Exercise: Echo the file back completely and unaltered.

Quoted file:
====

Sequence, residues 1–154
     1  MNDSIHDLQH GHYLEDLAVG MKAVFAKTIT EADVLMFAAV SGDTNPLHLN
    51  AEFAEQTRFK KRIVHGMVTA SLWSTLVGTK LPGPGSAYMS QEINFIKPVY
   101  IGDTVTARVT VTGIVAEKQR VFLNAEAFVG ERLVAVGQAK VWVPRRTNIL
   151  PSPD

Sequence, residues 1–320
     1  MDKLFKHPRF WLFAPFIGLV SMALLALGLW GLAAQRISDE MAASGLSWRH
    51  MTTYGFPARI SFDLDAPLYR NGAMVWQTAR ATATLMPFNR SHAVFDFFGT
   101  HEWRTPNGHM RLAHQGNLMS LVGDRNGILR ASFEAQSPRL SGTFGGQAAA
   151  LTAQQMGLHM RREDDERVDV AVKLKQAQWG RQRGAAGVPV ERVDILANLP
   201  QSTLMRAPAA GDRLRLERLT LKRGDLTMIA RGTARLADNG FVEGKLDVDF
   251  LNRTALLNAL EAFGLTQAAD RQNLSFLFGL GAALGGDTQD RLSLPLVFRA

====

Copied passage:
Sequence, residues 1–154
     1  MNDSIHDLQH GHYLEDLAVG MKAVFAKTIT EADVLMFAAV SGDTNPLHLN
    51  AEFAEQTRFK KRIVHGMVTA SLWSTLVGTK LPGPGSAYMS QEINFIKPVY
   101  IGDTVTARVT VTGIVAEKQR VFLNAEAFVG ERLVAVGQAK VWVPRRTNIL
   151  PSPD

Sequence, residues 1–320
     1  MDKLFKHPRF WLFAPFIGLV SMALLALGLW GLAAQRISDE MAASGLSWRH
    51  MTTYGFPARI SFDLDAPLYR NGAMVWQTAR ATATLMPFNR SHAVFDFFGT
   101  HEWRTPNGHM RLAHQGNLMS LVGDRNGILR ASFEAQSPRL SGTFGGQAAA
   151  LTAQQMGLHM RREDDERVDV AVKLKQAQWG RQRGAAGVPV ERVDILANLP
   201  QSTLMRAPAA GDRLRLERLT LKRGDLTMIA RGTARLADNG FVEGKLDVDF
   251  LNRTALLNAL EAFGLTQAAD RQNLSFLFGL GAALGGDTQD RLSLPLVFRA